EU crackdown on unbranded car parts?

What might the UK Government's response be to the new EU legislation - the "Block exemption rules"? We understand the UK Government can step in and overrule new EU legislation under a post Brexit agreement.
But could there be any consequences for the classic car sector in the UK?

Posted: 210721
A news item seen in the Daily Telegraph on Tuesday 20th July 2021, reported a possible EU crackdown on unbranded car parts in changes to the EU "block exemption rules". It was suggested UK drivers might face a £2.4bn bill from this new EU legislation. See a copy of the news item

Will it affect the classic car sector?
At this early stage the feeling from a specialist classic car replacement parts and services supplier is "this would
mainly relate to vehicles where the manufacturer still supports the provision of parts, which for the vast majority of classic cars none do. Classic MGs like MGBs are pretty well served with replacement parts, the majority of which are from the parts aftermarket with the exception of the body panels and shells from BMH at Witney for MGBs and Midgets. In truth the EU crackdown (which is not new) seems to me to be protectionism for the manufacturers who will argue that its their money that has funded the original design of the car and some of the parts and therefore they have a right to it for ever more. Allowing them to charge in a majority of cases very considerable sums for the parts. That’s probably why aftermarket parts suppliers are seizing the moment to see if they can get the UK Government to have a different stance, particularly as they deal mainly in parts for modern cars not the classics!"

Another comment on the news item
This is ambiguous - does 'branded' mean sold by the original manufacturer or sold by a reputable manufacturer? Companies like Lemforder and Valeo supply car manufacturers in the first instance and will also supply them with spare parts, but also sell the same parts under their own name at a lower price than the manufacturers, so it would be very anti-competitive if that were not allowed. The previous EU rulings were designed to open up the market, so it is to be hoped they are not back tracking on that. For the classic car market it would of course be absurd to require spare parts only to be supplied by the original manufacturer who may no longer exist or not be interested in supplying parts for models long out of production.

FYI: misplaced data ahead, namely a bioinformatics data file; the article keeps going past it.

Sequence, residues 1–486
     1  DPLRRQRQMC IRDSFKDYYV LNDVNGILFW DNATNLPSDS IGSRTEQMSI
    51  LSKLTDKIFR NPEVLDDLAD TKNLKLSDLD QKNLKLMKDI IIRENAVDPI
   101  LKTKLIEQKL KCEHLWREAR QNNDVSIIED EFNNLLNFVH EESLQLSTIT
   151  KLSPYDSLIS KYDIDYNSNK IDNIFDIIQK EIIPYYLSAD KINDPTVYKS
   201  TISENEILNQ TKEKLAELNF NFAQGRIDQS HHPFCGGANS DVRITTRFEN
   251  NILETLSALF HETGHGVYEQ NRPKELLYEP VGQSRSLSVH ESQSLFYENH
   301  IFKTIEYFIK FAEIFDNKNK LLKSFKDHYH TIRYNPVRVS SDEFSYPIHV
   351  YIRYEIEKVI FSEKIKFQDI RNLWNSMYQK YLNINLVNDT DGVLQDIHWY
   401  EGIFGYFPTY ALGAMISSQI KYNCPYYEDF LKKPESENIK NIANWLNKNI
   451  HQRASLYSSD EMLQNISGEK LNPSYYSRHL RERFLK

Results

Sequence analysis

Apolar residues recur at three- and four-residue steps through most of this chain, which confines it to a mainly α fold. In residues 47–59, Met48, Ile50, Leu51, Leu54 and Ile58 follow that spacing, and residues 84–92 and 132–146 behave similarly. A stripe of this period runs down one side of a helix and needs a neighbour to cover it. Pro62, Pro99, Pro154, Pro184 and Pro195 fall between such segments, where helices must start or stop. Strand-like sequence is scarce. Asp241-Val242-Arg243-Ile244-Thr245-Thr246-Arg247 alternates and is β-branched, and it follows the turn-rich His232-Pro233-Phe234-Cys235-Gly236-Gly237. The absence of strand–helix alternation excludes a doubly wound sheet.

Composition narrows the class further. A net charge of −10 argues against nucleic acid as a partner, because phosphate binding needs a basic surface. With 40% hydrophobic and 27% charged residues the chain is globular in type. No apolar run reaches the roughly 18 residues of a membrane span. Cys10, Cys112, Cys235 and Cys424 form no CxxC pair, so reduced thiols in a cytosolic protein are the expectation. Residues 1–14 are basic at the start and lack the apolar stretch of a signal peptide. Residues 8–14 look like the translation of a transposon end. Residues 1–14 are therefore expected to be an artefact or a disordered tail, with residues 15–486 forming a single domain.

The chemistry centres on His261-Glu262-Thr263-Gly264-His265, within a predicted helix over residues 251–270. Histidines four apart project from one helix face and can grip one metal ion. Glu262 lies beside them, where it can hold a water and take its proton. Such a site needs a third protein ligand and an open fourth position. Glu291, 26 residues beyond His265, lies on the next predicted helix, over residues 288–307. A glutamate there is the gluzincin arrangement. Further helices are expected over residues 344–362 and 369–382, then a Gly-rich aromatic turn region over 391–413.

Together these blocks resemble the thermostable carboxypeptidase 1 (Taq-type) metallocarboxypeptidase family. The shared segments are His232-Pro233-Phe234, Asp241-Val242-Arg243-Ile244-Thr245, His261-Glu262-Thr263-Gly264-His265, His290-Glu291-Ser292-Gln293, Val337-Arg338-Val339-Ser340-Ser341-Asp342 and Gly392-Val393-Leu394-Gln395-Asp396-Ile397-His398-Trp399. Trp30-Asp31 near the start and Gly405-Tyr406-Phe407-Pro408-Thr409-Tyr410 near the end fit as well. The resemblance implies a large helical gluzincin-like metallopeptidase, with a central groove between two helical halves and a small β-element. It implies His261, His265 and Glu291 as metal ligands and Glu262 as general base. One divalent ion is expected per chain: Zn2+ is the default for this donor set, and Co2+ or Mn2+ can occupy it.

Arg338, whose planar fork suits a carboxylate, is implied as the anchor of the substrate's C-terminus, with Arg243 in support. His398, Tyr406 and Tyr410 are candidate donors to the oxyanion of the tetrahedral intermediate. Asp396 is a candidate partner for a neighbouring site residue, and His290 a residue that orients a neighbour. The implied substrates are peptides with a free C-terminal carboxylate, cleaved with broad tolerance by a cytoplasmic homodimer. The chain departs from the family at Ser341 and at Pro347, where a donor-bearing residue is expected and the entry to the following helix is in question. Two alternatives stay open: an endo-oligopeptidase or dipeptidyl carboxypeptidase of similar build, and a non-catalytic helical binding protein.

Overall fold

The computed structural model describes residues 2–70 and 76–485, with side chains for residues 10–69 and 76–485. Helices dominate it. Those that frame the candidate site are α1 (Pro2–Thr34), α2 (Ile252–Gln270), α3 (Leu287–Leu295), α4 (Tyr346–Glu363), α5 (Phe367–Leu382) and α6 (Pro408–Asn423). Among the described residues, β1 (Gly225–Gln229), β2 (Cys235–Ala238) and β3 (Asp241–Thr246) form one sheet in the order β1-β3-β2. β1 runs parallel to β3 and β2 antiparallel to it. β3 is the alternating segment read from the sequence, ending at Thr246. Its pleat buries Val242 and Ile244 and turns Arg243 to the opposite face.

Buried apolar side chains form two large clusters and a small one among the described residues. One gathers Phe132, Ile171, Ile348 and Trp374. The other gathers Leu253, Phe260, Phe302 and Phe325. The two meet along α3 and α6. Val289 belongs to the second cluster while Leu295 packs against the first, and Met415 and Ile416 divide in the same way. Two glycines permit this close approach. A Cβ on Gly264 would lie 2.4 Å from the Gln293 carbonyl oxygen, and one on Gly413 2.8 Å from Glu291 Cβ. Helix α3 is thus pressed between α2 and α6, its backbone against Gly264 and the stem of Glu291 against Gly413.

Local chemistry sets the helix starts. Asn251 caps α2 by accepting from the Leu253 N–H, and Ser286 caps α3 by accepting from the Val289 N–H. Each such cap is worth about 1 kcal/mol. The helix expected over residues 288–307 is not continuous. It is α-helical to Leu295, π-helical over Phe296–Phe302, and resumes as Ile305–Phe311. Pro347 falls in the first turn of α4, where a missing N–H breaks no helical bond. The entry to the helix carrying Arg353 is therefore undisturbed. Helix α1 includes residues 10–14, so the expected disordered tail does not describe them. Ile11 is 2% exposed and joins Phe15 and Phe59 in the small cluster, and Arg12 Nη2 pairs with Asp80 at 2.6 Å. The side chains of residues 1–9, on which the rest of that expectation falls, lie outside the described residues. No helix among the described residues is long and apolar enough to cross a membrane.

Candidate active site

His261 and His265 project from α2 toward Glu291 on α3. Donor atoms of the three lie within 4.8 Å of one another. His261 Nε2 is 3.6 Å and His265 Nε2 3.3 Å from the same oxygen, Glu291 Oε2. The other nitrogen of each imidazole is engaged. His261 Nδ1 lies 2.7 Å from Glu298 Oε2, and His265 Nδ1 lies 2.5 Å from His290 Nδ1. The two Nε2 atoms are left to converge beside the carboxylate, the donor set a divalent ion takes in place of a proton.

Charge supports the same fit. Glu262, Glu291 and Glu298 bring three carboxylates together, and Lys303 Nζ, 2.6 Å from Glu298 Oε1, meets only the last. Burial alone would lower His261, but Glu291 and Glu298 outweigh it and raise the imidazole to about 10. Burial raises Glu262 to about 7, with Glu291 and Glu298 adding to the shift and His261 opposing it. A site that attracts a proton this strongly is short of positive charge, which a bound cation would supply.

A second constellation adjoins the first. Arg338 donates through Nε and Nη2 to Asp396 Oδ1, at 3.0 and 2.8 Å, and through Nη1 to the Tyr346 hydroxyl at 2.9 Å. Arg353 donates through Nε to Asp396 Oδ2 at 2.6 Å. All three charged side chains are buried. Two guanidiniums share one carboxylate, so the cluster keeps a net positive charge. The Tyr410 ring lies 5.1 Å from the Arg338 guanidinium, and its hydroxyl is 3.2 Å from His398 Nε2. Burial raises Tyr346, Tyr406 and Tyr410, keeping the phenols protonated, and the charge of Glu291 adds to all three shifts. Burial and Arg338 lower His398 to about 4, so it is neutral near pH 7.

The new EU competition law framework for the automotive aftermarket
The current position is set out in this document released in 2010. More
Following the expiry of the Block Exemption Regulation No. 1400/2002 on 31st May 2010, the European Commission has introduced a new competition law framework for the automotive sector focusing on aftermartket issues. Applied in the market since the 1st June 2010, these new rules are enacted in four key legal instruments :
• the Automotive Block Exemption Regulation (EU) No. 461/2010
• the sector-specific Guidelines on vertical restraints in agreements for the sale and repair of motor vehicles and for the distribution of spare parts for motor vehicles
• the Vertical Restraints Block Exemption Regulation (EU) No. 330/2010
• the general Guidelines on vertical agreements

These rules will apply until the 31st May 2023. They cover the trade in spare parts for and the repair and maintenance of all self propelled vehicles with more than 3 wheels (e.g. passenger cars, light commercial vehicles and heavy duty vehicles). While the new rules are particularly important to illustrate what vehicle manufacturers may or may not do, they also affect the agreements concluded between independent aftermarket operators.

What has the EU Commission done?
The EU Commission has issued a report on this area and for anyone who enjoys wading through the jungle of EU Commission documents you can see the report here. It does not recommend any changes in this area, but our contact in Brussels will try to find out more. There is a suspicion that a parts supplier may be starting a scare to dissuade the EU Commission from even thinking about it.